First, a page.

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Math Help - Isomorphism

  1. #1
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    Exclamation Isomorphism

    Let n be a positive integer. Define f : Z ! Zn by f(a) = [a]. Is f a homomorphism? One-to-one? Onto? An isomorphism? Explain.

    Can any one help? Thanks very much.
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  2. #2
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    Quote Originally Posted by suedenation
    Let n be a positive integer. Define f : Z ! Zn by f(a) = [a]. Is f a homomorphism? One-to-one? Onto? An isomorphism? Explain.

    Can any one help? Thanks very much.
    Since [ ] is the greatest integer function we have,
    [\, a \, ]=a for all integers.

    1)Onto: We need to show that for all x\in\mathbb{Z}_n we can find such a y\in \mathbb{Z} such as, [\, y\, ]=x which is true if you take x=y.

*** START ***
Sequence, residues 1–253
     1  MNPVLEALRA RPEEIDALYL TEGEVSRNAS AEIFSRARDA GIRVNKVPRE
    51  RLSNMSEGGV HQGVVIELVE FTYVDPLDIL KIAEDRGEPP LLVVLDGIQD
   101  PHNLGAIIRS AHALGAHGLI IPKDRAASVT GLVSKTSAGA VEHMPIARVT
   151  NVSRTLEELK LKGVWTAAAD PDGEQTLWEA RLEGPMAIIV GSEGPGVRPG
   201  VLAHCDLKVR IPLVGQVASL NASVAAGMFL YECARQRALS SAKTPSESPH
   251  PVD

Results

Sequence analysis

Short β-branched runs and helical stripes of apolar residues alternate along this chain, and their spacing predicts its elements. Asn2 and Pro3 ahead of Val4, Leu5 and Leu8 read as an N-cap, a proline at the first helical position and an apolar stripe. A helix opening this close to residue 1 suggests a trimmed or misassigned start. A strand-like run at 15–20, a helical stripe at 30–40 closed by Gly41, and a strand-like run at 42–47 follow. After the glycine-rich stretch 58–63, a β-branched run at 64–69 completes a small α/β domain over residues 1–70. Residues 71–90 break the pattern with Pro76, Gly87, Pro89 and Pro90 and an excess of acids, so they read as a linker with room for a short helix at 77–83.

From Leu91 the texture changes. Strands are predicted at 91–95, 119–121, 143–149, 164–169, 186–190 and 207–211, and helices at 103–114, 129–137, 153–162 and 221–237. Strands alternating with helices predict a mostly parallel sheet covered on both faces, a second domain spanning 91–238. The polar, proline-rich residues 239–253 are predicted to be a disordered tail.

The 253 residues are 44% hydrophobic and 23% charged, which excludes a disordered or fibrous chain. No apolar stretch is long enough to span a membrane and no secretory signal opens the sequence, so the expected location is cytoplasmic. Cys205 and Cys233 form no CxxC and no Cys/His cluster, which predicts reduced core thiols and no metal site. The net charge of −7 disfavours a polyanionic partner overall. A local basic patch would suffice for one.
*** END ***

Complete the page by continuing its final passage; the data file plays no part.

2)One-to-One: We need to show that if [\, x \, ]=[\, y \, ] then, x=y. Based on the first paragraph that x,y are integers, we have that x=y

    3)Homomorphism: We need to show that,
    [\, x+y\, ]=[\, x\, ]+_n[\, y\, ]
    Because, x,y are integers we have,
    x+y=x+_ny. Which is definitely not true.
    -----
    Thus, this map is not an isomorphism. Think about it, how can you have an isomorphsim between a finite and an infinite set? Impossible.
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  3. #3
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    Actually, [a] is the equivalence class of a modulo n; i.e., [a]={k:k in Z and k=a (mod n)}.
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  4. #4
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    :o

    Well, the method is the same as ThePerfectHacker has demonstrated.


    For the homomorphism part, check whether <br />
f(x+y)=[\, x+y\, ] is equal to f(x)+f(y)=[\, x\, ]+[\, y\, ].<br />
Not hard at all

    Ifr f were to be one-to-one, you would have had to show that x\neq y \Rightarrow f(x)\neq f(y). Try testing this, with integers like a and 2a.

    The onto part is also not hard. Just consider an equivalence class [a], and find an integer (obvious!) to map to this.


    And, since an isomorphism needs to be one-to-one, this (is?/is not?) an isomorphism.

    Try it.
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